Talk:Investigative Project on Terrorism

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Rebuttal to the Tennesseean[edit]

@Cwobeel: in regards to this diff [1], what rebuttal are you speaking of? Which allegations are being omitted? There's no point in putting up a tag if we do have reliable sources.-Serialjoepsycho- (talk) 22:29, 6 March 2015 (UTC)

We have reliable sources, but not reflected in the article. See Anti-Muslim crusaders make millions spreading fear - Cwobeel (talk) 22:55, 6 March 2015 (UTC)
See also this donor advisory published by Charity Navigator,[[2]] which references The Tennesean article. - Cwobeel (talk) 23:03, 6 March 2015 (UTC)

Charity Navigator has become aware of the following information in connection with this charity: During our analysis of this charity’s FYE 2010 Form 990, the document revealed that 100% of the organization's program expenses are being directed to the organization's CEO & Founder's for-profit management company, SAE Productions. Furthermore, the document also revealed that The Investigative Project on Terrorism, which does not have a separate EIN number, directs all donations on its website to the Investigative Project on Terrorism Foundation, which in turn directs all the money to SAE Productions (see PDF Attachments "IPTF page 10 Statement of Functional Expenses," "IPTF page 7 Compensation of Officers," "IPTF, Schedule L, page 2 Business Transactions Involving Interested Persons," and "IPTF, Schedule O, page 2, Compensation of the Five Highest Paid Ind. Contractors.") An article in The Tennessean, published on October 24, 2010, confirmed these findings. Please see that article for more information. We find such practices atypical as compared to how other charities operate and have therefore issued this Donor Advisory.

Ok so with these reliable sources, do you have any change or addition you would propose for the article?-Serialjoepsycho- (talk) 06:37, 7 March 2015 (UTC)

Emerson in lede[edit]

@AngelicCorrector: I've removed some of the content about Emerson from the lede because he has his own article and it seems improper to me to do so unless the sources generally treat his "gaffes" in these instances as representative of IPT rather than of himself. What we could do is add a word or phrase like "discredited pundit Steven Emerson", using your new sources as well as sources already present in the body of this article relating to his previous "gaffes". –Roscelese (talkcontribs) 00:27, 13 July 2015 (UTC)

  • Highly inappropriate , not to mention violation of BLP, to put a smear of this sort in the lede. If it's valid, find multiple sources and put in in an appropriate place.E.M.Gregory (talk) 13:19, 17 November 2015 (UTC)
    • Emerson is widely known as a crank and we have two university-press sources in the article already. I'm not super gung-ho about including that in the lede, it's just as WP:WEIGHT for the poorly sourced self-serving statement given how commonly pointed out it is in the media that these guys are unreliable. I would also be fine removing the puffery. –Roscelese (talkcontribs) 14:00, 17 November 2015 (UTC)
In my opinion "discredited pundit" should be removed from the lede. Emerson clearly has his supporters and detractors and picking one academic source that politically aligns opposite of Emerson to make the blanket statement that he is a "discredited pundit" is a bit of cherry-picking that presents a simplistic view of his work. Note that Omid Safi, who has his own supporters and detractors, cites ThinkProgress for the statement about Emerson. I am sure that there are editors who will argue that the statements of university professors should be accepted by Wikipedia as fact, however, those comments really should be used with caution when they appear to label another person's entire body of work as "discredited" without substantial discussion. I have no objections to the use of Safi and Hammer's opinion with the proper application of WP:ATTRIBUTEPOV, but I'm not convinced that it is necessary in this article. - Location (talk) 17:17, 18 November 2015 (UTC)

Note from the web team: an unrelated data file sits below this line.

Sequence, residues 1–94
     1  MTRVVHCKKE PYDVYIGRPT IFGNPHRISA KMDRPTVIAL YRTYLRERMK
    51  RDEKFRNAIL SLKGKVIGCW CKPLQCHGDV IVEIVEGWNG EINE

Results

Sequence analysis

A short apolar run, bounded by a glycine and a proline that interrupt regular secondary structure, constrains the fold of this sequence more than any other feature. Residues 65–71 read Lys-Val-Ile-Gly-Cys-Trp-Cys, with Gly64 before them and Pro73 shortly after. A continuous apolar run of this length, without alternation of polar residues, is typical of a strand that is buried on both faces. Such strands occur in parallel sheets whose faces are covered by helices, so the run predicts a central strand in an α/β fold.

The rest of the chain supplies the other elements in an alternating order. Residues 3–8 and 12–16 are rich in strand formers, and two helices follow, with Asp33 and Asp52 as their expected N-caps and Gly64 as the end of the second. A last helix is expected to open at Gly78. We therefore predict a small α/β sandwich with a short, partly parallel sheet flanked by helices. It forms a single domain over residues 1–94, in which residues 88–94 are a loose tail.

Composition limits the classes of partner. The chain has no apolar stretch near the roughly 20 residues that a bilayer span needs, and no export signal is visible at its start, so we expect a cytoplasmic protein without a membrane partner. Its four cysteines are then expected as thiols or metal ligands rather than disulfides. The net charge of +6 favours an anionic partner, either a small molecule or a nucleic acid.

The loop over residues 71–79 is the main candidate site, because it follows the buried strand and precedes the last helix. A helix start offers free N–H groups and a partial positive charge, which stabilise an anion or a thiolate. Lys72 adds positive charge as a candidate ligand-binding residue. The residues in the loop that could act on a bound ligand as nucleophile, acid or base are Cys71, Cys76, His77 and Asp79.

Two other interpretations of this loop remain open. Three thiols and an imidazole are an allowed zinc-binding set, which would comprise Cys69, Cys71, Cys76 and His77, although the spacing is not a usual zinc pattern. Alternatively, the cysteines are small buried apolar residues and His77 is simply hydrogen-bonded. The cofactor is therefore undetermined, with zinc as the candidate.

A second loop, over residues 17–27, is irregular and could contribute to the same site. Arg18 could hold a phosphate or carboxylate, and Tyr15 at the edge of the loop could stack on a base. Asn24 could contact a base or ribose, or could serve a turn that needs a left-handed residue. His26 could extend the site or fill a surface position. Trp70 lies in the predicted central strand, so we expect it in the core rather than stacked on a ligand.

Of course it should be removed from the lead. Binksternet restored it on the grounds that the meaning of "discredited" is explained in the main body of the article - which is ridiculous, since the lead is meant to stand by itself and shouldn't require the rest of the article to clarify it. FreeKnowledgeCreator (talk) 18:41, 18 November 2015 (UTC)
Highly inappropriate , not to mention violation of BLP, to put a smear of this sort in the lede.
Incorrect. "Smears" are not appropriate anywhere in the encyclopedia. However, unflattering factual information may appear in articles, and may be summarized in article leads, as has been done here. Not all news is good news.
picking one academic source that politically aligns opposite of Emerson to make the blanket statement that he is a "discredited pundit" is a bit of cherry-picking
That is not the situation here. A single reliable source was added to the summary sentence in the lead as a formality in case the information "might be challenged", rather than leaving the lead summary void of citations as is customary. There are actually many sources, not just "one", which describe Emerson's loss of credibility in this field, and the many episodes of error, misinformation, apologies, ideological rants, retractions and admissions which lead to it. As for that one specific source, I see no evidence that the Cambridge University Press academic peer-review board is "politically aligned opposite" to anything.
Safi, who has his own supporters and detractors, cites ThinkProgress for the statement about Emerson.
Incorrect. What was cited, by Hammer and Safi and perhaps others for the description of Emerson as an Islamophobe and discredited expert, was not ThinkProgress but an article by a journalist posted at their website. In that article were a dozen or more citations and links to numerous other sources including Emerson himself, Slate, The Tennessean, FAIR, the FEAR, INC report, etc., so it appears that the scholars had a rather extensive pool of information upon which to base their assessment.
there are editors who will argue that the statements of university professors should be accepted by Wikipedia as fact
Perhaps there are editors who would argue that, but that is irrelevant here. No one here is making that argument. The authors of that peer-reviewed academic book, Sylvia Chan-Malik, R. David Coolidge, Edward E. Curtis IV, Nabil Echchaibi, Kambiz GhaneaBassiri, Zareena A. Grewal, Julie Hammer, Rosemary R. Hicks, Sally Howell, Amaney Jawal, Akel Ismail Kahera, Michael Muhammad Knight, Karen Leonard, Debra Majeed, Kathleen M. Moore, Amid Safi, Richard Brent Turner, Gisela Webb, Timur R. Yuskaev, published by the oldest and most respected academic publisher in existence, did not make personal "statements" or "comments".